If you know that the process running inside the container is a "bad actor", and doesn't handle reaping, using --init is definitely a good choice to get you going. Be aware though, that you're effectively running into a bug; be sure to report the issue with the maintainer/publisher of the software you're running in the container: perhaps they're not aware of this situation, and can fix it.

If you're using --init because of 2., this may be because the image you're running was not well-designed; Is the container's main process actually the main process, or is it running in a shell?

For example; the following CMD will start a shell (/bin/sh or /bin/bash, depending on the image) in which mysqld is started;

CMD /usr/sbin/mysqld

Because of this, /bin/sh (not mysqld) has become the container's main process (PID-1), and any signal sent to the container will be handled by /bin/sh (and not forwarded to mysqld). Using --init will "resolve" that situation (/bin/sh now runs as PID-2, and mysqld runs as PID-3), but still runs an unnescessary shell process in the container.

To make the container's process run without a shell, use the JSON ("exec" form). For example, below is the CMD for the official mysql image;

CMD ["mysqld"]

But what if you need to run some commands when starting the container (before running the container's main process), such as setting permissions, or doing some setup the first time the container is run?

These steps can be done in an entrypoint-script. The entrypoint script can run a shell, perform initialization (see for example the init steps in the official WordPress entrypoint script), and at the end switch to the container's main process using exec.

When using exec, the current process is replaced with another process, so when using exec at the end of the entrypoint script, the container's main process will run as PID-1, and not be running inside a shell; here's the last line of the WordPress entrypoint script;

exec "$@"

The Dockerfile uses both an ENTRYPOINT and CMD, in which case CMD is used as parameter for the ENTRYPOINT;

ENTRYPOINT ["docker-entrypoint.sh"]
CMD ["apache2-foreground"]

exec "$@" will thus default to exec apache2-foreground, but will be replaced with the command that's used to start the container (for example docker run mysql echo "hello", will run the entrypoint script, then exec echo "hello")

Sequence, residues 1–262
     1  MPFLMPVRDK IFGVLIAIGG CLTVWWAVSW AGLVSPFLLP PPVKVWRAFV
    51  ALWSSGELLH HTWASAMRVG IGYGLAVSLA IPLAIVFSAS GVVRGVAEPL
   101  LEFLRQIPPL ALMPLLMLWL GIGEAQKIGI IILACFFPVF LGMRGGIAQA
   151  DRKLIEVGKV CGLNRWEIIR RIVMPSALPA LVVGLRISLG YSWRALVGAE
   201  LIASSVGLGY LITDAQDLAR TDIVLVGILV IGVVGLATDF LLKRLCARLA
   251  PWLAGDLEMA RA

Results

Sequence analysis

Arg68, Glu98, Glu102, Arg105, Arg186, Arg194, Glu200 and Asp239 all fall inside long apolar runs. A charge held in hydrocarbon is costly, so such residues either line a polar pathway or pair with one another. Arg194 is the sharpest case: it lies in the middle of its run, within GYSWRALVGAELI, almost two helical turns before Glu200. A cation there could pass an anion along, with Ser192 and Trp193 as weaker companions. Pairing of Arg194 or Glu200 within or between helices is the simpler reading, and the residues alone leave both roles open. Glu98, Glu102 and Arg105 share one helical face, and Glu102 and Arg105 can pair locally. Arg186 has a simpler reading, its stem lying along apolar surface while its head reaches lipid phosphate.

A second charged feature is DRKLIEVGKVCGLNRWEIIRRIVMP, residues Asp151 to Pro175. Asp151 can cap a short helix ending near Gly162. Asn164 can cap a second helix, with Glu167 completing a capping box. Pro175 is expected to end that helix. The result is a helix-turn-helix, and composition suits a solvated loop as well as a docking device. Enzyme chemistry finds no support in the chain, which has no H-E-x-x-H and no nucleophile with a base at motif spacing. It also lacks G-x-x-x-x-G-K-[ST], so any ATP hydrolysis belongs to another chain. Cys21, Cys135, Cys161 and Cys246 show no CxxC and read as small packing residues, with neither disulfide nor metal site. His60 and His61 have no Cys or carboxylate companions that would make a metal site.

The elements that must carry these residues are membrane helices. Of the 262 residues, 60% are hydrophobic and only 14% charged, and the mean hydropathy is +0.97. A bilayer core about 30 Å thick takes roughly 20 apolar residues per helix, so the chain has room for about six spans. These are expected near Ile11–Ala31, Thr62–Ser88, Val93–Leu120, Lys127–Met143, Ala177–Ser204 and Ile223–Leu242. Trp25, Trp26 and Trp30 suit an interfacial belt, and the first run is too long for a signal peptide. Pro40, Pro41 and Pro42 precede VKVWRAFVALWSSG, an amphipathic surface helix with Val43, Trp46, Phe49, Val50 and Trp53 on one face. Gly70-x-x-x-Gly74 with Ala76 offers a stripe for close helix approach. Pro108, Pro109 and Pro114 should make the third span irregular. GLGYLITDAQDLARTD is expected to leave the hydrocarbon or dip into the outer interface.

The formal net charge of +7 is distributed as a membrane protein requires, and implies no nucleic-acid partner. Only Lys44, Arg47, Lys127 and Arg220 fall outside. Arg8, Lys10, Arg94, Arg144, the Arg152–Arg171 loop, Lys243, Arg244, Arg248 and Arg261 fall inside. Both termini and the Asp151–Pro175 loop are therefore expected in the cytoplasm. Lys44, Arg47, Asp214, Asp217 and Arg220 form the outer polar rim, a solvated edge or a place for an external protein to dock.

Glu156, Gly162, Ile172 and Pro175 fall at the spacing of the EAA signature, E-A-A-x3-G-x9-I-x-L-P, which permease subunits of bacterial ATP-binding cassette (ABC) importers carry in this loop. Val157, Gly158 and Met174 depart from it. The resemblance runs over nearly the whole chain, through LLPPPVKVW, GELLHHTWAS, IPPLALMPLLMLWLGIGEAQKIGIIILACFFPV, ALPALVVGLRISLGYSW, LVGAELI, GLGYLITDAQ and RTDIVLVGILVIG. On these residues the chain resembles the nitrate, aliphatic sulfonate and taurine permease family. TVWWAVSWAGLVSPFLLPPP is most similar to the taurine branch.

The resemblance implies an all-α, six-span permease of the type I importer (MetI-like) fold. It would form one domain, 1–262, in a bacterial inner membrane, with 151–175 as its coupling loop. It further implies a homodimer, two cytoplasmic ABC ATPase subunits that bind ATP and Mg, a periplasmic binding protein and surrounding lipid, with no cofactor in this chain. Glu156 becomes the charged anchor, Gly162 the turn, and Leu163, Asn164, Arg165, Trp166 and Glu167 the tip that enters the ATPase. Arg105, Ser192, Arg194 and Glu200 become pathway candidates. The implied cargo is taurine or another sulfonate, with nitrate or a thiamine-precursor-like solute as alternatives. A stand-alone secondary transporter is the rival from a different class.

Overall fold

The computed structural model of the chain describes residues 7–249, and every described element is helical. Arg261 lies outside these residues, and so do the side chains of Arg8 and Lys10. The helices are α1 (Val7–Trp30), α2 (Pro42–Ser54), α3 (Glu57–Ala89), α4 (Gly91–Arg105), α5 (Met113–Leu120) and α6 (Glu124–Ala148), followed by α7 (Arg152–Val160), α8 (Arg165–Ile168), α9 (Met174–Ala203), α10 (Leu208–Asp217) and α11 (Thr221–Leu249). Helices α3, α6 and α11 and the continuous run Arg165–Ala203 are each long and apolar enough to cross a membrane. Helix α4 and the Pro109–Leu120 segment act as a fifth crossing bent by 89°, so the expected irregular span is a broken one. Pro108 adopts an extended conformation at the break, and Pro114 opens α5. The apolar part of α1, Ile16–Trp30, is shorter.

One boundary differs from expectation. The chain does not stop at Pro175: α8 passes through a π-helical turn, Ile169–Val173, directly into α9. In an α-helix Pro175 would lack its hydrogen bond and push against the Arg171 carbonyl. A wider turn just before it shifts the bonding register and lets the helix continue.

TL;DR; the --init option is safe to use, and may help your situation, but be sure you're not tapering over the actual problem in the image 😄

@aalexgabi

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commented Jul 13, 2018

Update: This has been answered here #37200

@rayfoss @thaJeztah Again --init and -ti are not a solution when you don't have a TTY see #37200

I would like docker run myScriptImage to be the exactly the same as running ./myScript except that it runs in a isolated and controlled environment. I would like that Ctrl-C works out of the box as for "any other script". It would be ideal if in any bash script I could replace any system command with an equivalent docker run myEquivalentCommand and have it work the same way as if I launched a the command locally (stdin, stdout, stderr, exit code, input buffering, output buffering, handling of signals etc.).

@aalexgabi

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commented Jul 13, 2018

Update: This has been answered here #37200

@tsl0922 Thank you but that's what I'm trying to avoid doing. I feel that I might be doing a command called wrap-docker-run-as-if-is-a-regular-program what will handle all that using bash traps instead of copy-pasting that code in all ci pipelines (there are 30 or so.)

@Vanuan

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commented Jul 15, 2018

@aalexgabi

--init and -ti are not a solution when you don't have a TTY see #37200

TTY has nothing to do with being able to send a signal or catch it. Please read my messages in that issue thread you mentioned.

@bidiu

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commented Sep 5, 2018

One question: wonder what's the solution used by official images...say nginx. Nginx container can be terminated using SIGINT when not in detach mode.

@Vanuan

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commented Sep 5, 2018

@bidiu First of all, it uses exec form:

CMD ["nginx", "-g", "daemon off;"]

Secondly, nginx handles signals by its own.
And finally, it uses
STOPSIGNAL SIGTERM so that when you send SIGINT to docker in interactive mode or run docker stop container it would send SIGTERM, which would be handled by nginx to terminate itself

@Vanuan

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commented Sep 5, 2018

You could figure out it yourself by looking at its Dockerfile:
https://github.com/nginxinc/docker-nginx/blob/master/mainline/alpine/Dockerfile

@bidiu

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commented Sep 5, 2018

@Vanuan
Aha, didn't know the directive STOPSIGNAL before, and also not familiar with modes other than "exec form". Thanks for your clarification😊

@Vanuan

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commented Sep 5, 2018

So there's shell form and exec form. Shell form is used like this:

CMD nginx

Exec form like this:

CMD ["nginx"]

In first case the shell handles your signal, in the second case the nginx process

@vprasanth

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commented Oct 30, 2018

For folks coming here after not being able to stop a node process with a SIGINT, I found this other issue also very helpful in understanding this behaviour.

Amdingo added a commit to Amdingo/fleapday that referenced this issue Mar 14, 2019

adds -d
 thanks to moby/moby#2838